10. Jesse,

    I agree with you 100% — except that maybe we shouldn’t be suggesting that ending said eradication efforts would constitute a true “market reform” as the Bolivian coca farmers would merely become beneficiaries of an inadvertent protectionism scheme. Unfortunately, the farmers probably associate both the eradication efforts and the pseudo privatizations you described with American influence, causing them to likely oppose anything good we might come up with, as well as hating our guts in general, which I can’t imagine is too good a thing even if we don’t have a Latin American terrorist problem at the moment.

  11. Al Giordano, the journalist behind the recently defunct NarcoNews, did a pretty good play-by-play of the events in Bolivia recently at his new blog,

  12. Interesting conversation.

    Okay, I’ll bite the hook.

    I’ve posted a bit of a response to it here.

    I think Jesse is essentially right on each point he makes. So far so good. Now, take it a step further

  13. Those links should probably be this.

  14. Al Giordano,

    Libertarian theory is indeed usually put into practice in a very selective and piecemeal way, to fit into the strategic agendas of big business and the corporate state. This is especially true of so-called “privatization.” For example, check out what this Rothbardian has to say about the faux “libertarianism” of the kind of privatization imposed by the IMF/World Bank:
    Sean Corrigan, “You Can’t Say That!” August 6, 2002

    The gist of Corrigan’s article is that the Bretton Woods agencies underwrite loans for building the kinds of infrastructure that TNCs need if they are to locate profitable facilities in a Third World country. The loans are paid off for with taxpayer sweat equity in those countries. And finally, the accumulated debt and snowballing interest are used as a form of debt slavery analogous to that of the proverbial “company store,” to compel the country to adopt “market” reforms that include selling off this same infrastructure to TNCs, at pennies on the dollar. As Kwame Nkrumah pointed out, what is called “foreign aid” today would have simply been called “foreign investment” under straightforward, old-style colonialism. It’s just another example of what Rothbard referred to as the State using taxpayer money to subsidize accumulation.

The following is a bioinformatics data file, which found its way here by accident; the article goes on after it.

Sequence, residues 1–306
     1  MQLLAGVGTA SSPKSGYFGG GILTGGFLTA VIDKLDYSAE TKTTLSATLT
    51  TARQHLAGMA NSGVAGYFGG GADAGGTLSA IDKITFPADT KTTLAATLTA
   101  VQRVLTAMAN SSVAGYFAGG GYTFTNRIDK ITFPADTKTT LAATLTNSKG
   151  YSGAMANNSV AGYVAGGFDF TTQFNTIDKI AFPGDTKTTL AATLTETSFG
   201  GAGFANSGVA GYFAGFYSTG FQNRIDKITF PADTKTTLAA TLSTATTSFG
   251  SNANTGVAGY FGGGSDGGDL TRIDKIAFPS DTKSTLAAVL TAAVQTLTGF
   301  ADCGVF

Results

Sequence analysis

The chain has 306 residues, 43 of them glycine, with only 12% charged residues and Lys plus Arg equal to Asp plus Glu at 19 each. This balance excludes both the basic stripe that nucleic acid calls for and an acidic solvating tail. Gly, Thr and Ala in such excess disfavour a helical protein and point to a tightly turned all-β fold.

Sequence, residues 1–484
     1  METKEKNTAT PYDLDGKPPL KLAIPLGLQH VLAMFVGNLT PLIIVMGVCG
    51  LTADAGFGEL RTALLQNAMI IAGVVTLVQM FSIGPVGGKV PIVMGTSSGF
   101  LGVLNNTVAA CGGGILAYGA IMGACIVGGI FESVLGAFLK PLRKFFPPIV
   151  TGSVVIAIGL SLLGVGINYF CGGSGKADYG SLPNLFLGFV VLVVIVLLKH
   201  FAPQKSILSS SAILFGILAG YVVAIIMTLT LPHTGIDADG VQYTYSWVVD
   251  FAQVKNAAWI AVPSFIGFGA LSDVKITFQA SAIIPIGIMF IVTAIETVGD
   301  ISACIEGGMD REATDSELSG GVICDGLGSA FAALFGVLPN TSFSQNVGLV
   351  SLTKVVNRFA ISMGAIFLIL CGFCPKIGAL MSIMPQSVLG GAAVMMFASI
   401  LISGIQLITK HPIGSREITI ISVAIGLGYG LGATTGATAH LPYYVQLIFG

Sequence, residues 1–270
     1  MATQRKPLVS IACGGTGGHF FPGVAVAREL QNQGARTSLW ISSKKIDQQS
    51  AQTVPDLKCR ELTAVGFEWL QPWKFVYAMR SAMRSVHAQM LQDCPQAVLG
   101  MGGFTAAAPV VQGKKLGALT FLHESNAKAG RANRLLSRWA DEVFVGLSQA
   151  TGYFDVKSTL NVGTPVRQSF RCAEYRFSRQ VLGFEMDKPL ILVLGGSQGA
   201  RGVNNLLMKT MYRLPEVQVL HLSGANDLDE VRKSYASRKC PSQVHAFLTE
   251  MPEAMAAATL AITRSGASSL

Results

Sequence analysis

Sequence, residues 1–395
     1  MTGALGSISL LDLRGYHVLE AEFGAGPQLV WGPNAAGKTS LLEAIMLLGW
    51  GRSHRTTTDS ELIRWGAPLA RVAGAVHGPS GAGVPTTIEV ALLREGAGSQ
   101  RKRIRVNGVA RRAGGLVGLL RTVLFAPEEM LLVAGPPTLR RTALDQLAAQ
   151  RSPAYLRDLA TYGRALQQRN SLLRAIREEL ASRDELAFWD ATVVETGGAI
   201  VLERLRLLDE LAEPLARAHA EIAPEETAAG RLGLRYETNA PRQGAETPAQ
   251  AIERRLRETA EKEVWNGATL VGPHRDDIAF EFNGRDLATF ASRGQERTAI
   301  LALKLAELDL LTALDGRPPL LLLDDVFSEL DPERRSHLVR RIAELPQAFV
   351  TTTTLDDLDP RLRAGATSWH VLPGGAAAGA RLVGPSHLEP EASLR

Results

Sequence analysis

My proposed solution is to always look at the “Big Picture” in setting a free market agenda, and not let corporate interests pick our battles for us or coopt a faux “free market” agenda for their own purposes (a la Uncle Milty). That means setting our first priority as going after the central structural features of state capitalism–infrastructure subsidies, the M-I complex, patents, R&D subsidies and other corporate welfare, and collusion by the State-as-landlord with mining, oil and timber interests.

    The proper way to “privatize” property and services paid for by taxpayers is what Larry Gambone called “mutualizing” them: devolving them to the most local, decentralized level possible, and then transforming them into the private, cooperative property of their clients.

    I’m glad someone here provided a link to your new site a few days back; when I get through the backlog of stuff I’m working on and have time to update my site, I’ll add links to bigleftoutside and narconews.